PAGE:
BransfordGroupie wrote:Hi Nathan,

Just wondering if this http://www.authonomy.com/about.aspx is the future of publishing. It looks like a great way to "beat the slush" but at the same time I wounder if it is a very elaborate scam?
Is this actually by HarperCollins? I think it looks promising, but I've not taken a detailed look.

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Re: Future of publishing?

Post by Nathan Bransford » December 7th, 2009, 2:25 pm

casnow wrote:
BransfordGroupie wrote:Hi Nathan,

Just wondering if this http://www.authonomy.com/about.aspx is the future of publishing. It looks like a great way to "beat the slush" but at the same time I wounder if it is a very elaborate scam?
Is this actually by HarperCollins? I think it looks promising, but I've not taken a detailed look.
I believe it's sponsored by HarperUK

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Re: Future of publishing?

Post by jeffadair » December 7th, 2009, 7:58 pm

Hi Nathan...
What are your thoughts about a website/company called: FastPencil ?
It appears that they are encouraging people to write their novels with their "free" software and then having it "easily" converted into a PDF for your personal use or having it published through them? They were an unofficial sponsor of NaNoWriMo and I'm sure a few people used their software to write their novels. Is this just an elaborate POD company masquerading as a writing site or a good idea in these turbulent publishing times?

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Re: Future of publishing?

Post by Nathan Bransford » December 7th, 2009, 8:18 pm

jeffadair wrote:Hi Nathan...
What are your thoughts about a website/company called: FastPencil ?
It appears that they are encouraging people to write their novels with their "free" software and then having it "easily" converted into a PDF for your personal use or having it published through them? They were an unofficial sponsor of NaNoWriMo and I'm sure a few people used their software to write their novels. Is this just an elaborate POD company masquerading as a writing site or a good idea in these turbulent publishing times?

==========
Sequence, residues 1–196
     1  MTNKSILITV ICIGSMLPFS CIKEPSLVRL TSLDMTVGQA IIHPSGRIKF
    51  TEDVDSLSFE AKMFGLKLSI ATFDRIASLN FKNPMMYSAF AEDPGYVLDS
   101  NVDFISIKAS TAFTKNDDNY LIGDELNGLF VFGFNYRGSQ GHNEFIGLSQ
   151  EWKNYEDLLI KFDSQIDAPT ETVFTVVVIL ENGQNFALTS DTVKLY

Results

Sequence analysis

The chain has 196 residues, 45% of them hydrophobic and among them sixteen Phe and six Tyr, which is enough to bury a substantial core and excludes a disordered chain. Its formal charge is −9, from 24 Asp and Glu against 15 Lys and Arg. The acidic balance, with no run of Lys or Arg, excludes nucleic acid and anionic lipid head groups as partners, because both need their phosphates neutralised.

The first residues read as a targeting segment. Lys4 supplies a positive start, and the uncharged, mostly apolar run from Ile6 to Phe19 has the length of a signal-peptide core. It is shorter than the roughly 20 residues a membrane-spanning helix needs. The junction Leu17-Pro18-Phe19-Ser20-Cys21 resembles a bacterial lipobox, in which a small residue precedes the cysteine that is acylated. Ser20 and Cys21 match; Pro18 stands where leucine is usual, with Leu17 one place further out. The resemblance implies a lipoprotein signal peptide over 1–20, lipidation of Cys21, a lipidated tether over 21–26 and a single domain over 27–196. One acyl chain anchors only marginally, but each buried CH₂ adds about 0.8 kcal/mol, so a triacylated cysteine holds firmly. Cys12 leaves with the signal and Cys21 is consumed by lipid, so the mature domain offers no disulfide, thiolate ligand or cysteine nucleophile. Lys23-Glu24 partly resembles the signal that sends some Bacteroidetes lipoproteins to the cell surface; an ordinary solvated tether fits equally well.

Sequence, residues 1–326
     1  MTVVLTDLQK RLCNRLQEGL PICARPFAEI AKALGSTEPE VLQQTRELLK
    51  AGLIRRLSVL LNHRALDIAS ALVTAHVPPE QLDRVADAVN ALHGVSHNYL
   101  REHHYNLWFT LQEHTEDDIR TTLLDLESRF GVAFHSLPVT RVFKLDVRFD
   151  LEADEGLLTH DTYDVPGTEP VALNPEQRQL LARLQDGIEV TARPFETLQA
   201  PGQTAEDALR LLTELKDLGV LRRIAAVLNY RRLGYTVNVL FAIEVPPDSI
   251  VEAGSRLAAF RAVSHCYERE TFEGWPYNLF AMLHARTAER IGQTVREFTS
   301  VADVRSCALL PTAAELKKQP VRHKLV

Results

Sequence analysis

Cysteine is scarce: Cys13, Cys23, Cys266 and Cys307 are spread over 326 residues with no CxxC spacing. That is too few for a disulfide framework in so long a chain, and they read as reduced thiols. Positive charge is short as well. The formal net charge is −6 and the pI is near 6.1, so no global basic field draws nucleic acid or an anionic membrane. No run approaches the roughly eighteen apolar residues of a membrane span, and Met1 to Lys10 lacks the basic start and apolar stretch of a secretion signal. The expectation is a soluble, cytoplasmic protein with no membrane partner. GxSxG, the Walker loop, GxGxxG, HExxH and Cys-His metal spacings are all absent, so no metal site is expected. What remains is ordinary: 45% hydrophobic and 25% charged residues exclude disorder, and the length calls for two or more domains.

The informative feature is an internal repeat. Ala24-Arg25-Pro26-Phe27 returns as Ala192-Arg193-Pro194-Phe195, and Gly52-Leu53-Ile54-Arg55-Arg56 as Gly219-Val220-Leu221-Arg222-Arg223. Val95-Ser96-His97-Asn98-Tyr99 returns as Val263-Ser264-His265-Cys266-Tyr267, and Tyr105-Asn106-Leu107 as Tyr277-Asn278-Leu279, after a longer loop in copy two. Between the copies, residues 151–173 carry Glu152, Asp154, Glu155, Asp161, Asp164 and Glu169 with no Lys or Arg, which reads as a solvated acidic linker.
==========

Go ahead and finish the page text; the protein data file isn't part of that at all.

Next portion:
-- Jeff Adair
I haven't heard of them. I wonder if others have?

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Re: Future of publishing?

Post by casnow » December 8th, 2009, 7:42 am

BransfordGroupie wrote:Hi Nathan,

Just wondering if this http://www.authonomy.com/about.aspx is the future of publishing. It looks like a great way to "beat the slush" but at the same time I wounder if it is a very elaborate scam?
Okay, so I just went through the trouble of registering with authonomy, checking out the FAQs, and even uploading a bit of text. The process for uploading is a little painful if you like short chapters (i.e., I have 50 chapters, and you seem to load 1 at a time...). However, the real prize for uploading your work is two fold:

1) you basically get a bunch of beta readers, some of which give thorough feedback (you can read the feedback people leave for other authors)
2) if you rise to the top by getting people to put your book on their "shelf", then the HarperCollins guys will give you feedback - what they have been posting is fairly robust and honest (i.e., parts they like, parts they hate, examples of what could be fixed, and an analysis of why they would or would not buy it).

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Re: Future of publishing?

Post by JFBookman » December 9th, 2009, 1:23 pm

jeffadair wrote:Hi Nathan...
What are your thoughts about a website/company called: FastPencil ?